Butterfly Conservation, London Wildlife Trust and the Natural History Museum are working together to create and restore parts of south Croydon into chalk grassland ‘Living Landscapes’ that will come alive with butterflies, insects and wildflowers.
The project, which is being led by the London Wildlife Trust, is hoping to create new areas of habitat that can act as stepping stones to link up five of the Trust’s existing chalk downland nature reserves. This will encourage species like butterflies and moths to move between the sites and expand their breeding range. In order to achieve this, we will be working with local communities to transform their green spaces, including road verges and parks, turning them into areas full of wildflowers.
Butterfly Conservation will be providing advice on creating and managing these habitats for butterflies and moths. We will also reach out to local people to offer training in identifying and surveying butterflies and moths in their communities.
Our project will aim to help the following species:
- Grizzled Skipper butterfly
- Dingy Skipper butterfly
- Small Blue butterfly
- Chalk Hill Blue butterfly
- Marbled White butterfly
- Small Copper butterfly
- Bees and other pollinators
Why do butterflies need our help?
Many butterflies and insects are in serious trouble and the State of the UK’s Butterflies 2015 report evidenced that 76% of species have declined over the last 40 years. Research by Butterfly Conservation, the University of Kent and the Centre for Ecology and Hydrology (CEH) has since found that this decline is worse in urban than rural areas.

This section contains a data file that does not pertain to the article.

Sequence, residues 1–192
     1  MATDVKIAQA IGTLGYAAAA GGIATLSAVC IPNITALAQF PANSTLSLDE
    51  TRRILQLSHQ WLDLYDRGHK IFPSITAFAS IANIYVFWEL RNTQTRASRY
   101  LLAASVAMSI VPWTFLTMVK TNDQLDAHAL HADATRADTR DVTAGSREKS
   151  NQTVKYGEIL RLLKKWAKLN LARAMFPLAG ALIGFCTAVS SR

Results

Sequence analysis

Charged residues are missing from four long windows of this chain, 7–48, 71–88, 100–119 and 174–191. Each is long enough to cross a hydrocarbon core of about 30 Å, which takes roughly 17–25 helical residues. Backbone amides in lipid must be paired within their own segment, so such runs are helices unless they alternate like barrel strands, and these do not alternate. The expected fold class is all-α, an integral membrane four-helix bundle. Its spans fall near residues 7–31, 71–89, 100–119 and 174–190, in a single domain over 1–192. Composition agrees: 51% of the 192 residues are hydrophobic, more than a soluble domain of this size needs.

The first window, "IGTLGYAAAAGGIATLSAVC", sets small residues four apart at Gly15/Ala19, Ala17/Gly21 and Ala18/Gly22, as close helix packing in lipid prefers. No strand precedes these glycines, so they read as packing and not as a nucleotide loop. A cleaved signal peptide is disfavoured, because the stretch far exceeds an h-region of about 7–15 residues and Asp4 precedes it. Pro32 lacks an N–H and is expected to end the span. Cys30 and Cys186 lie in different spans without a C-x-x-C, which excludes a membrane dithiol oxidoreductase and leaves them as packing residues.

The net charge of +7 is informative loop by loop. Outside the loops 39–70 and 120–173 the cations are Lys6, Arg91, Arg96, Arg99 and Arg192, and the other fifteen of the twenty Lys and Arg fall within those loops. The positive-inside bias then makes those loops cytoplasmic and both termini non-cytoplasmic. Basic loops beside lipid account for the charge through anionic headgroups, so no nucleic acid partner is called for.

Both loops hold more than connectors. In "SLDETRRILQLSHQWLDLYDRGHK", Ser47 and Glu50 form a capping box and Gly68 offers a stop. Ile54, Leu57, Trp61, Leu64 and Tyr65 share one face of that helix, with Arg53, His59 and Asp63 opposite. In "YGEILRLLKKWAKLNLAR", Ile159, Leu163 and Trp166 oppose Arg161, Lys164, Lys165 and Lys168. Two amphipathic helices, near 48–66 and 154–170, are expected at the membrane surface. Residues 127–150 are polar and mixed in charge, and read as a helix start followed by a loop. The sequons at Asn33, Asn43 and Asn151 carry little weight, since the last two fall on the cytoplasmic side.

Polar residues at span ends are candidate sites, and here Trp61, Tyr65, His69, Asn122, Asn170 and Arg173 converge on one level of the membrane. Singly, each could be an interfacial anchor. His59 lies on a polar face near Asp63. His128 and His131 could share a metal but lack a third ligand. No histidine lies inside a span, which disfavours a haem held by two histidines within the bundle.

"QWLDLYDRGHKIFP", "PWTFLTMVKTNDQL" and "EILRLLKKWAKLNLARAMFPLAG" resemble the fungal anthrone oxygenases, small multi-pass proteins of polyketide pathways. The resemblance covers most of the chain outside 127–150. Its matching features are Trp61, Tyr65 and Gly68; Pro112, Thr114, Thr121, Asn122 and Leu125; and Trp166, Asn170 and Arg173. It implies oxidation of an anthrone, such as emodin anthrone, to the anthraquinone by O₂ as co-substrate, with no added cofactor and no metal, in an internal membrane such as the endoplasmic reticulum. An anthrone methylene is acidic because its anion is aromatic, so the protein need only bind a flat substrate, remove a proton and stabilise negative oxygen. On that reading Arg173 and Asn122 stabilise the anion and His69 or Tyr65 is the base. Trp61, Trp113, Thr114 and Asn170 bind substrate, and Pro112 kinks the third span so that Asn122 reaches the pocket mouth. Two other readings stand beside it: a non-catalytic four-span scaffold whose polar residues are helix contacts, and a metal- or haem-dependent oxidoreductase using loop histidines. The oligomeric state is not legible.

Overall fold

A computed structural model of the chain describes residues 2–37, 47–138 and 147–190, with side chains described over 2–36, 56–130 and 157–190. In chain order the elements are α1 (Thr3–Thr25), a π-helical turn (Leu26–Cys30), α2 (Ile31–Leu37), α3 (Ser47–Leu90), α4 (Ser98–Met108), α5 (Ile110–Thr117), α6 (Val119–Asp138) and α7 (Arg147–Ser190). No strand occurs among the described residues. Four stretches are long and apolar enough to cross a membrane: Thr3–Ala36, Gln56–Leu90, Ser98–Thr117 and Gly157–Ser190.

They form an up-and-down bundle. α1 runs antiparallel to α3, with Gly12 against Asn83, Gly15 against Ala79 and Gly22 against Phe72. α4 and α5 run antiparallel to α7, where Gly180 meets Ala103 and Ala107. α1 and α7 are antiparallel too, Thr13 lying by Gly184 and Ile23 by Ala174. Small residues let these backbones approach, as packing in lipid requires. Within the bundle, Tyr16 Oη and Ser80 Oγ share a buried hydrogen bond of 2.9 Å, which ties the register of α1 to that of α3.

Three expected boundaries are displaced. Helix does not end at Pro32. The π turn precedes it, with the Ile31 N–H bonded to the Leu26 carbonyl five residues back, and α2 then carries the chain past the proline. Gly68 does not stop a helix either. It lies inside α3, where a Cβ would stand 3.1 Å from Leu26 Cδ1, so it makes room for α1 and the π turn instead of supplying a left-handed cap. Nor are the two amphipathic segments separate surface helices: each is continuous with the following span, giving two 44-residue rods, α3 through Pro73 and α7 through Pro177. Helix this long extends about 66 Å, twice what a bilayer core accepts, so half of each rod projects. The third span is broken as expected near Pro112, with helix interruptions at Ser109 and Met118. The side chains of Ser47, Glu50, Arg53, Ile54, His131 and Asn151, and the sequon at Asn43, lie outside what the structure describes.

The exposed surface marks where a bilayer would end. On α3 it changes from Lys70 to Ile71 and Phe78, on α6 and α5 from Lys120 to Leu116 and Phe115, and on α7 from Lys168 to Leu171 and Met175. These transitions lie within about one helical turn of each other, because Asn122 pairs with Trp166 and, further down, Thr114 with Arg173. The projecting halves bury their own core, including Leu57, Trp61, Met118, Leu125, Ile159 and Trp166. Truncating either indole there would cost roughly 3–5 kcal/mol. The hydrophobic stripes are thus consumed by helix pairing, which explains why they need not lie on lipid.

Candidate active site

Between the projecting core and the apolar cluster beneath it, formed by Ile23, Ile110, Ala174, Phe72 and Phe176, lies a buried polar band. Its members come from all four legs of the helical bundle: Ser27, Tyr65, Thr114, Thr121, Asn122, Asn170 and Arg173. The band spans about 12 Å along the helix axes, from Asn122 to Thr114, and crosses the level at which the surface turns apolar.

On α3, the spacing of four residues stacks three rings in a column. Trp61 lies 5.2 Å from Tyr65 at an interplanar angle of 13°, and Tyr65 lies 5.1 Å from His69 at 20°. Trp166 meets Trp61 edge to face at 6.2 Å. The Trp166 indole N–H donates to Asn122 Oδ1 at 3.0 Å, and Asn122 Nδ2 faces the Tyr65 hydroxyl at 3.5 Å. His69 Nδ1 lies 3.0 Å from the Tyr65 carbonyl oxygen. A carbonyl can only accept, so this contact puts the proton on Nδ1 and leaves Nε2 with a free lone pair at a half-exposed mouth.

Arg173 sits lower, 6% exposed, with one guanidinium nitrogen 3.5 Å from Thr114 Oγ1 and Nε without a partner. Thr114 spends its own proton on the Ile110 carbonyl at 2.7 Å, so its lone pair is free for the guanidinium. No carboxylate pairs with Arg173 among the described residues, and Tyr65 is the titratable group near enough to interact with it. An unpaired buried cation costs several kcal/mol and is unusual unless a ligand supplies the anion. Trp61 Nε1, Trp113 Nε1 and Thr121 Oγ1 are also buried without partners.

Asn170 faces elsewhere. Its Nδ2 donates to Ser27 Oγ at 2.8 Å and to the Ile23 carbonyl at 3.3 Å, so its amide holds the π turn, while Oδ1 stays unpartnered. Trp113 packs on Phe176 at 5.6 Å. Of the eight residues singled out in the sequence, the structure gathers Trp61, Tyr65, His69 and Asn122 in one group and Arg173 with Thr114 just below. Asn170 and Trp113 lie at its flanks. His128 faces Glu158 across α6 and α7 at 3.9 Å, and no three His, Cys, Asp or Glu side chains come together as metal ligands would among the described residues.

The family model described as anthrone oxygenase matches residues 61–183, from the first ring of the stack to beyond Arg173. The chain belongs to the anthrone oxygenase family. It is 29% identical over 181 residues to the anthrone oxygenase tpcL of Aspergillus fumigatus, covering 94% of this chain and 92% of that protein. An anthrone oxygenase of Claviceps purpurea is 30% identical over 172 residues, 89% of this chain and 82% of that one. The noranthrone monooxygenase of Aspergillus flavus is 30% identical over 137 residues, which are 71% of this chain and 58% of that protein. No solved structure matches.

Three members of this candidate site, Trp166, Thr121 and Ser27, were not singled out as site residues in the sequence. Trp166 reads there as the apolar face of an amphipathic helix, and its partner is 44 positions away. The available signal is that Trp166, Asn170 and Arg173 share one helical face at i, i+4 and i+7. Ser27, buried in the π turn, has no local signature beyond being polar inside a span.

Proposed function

Butterflies are highly sensitive indicators of the health of the environment and play crucial roles in the food chain as well as being pollinators of plants.
How will Brilliant Butterflies help?
As well as providing vital homes for butterflies and insects, Brilliant Butterflies will capture vital monitoring data to help make a case for the future protection of the specialist sites, which are located in an increasingly vulnerable part of London’s Green Belt (a protected area of green land around London and the home counties).
This may include higher levels of protection, better protection from future development, and a better understanding of their role in sustaining London’s insect populations.
For more information on the project or how to get involved, please visit the London Wildlife Trust’s Brilliant Butterflies information page, or contact Butterfly Conservation’s Brilliant Butterflies Project Officer, Steve Bolton, @email.
Follow Steve and the latest news from the project on Twitter @bc_bolton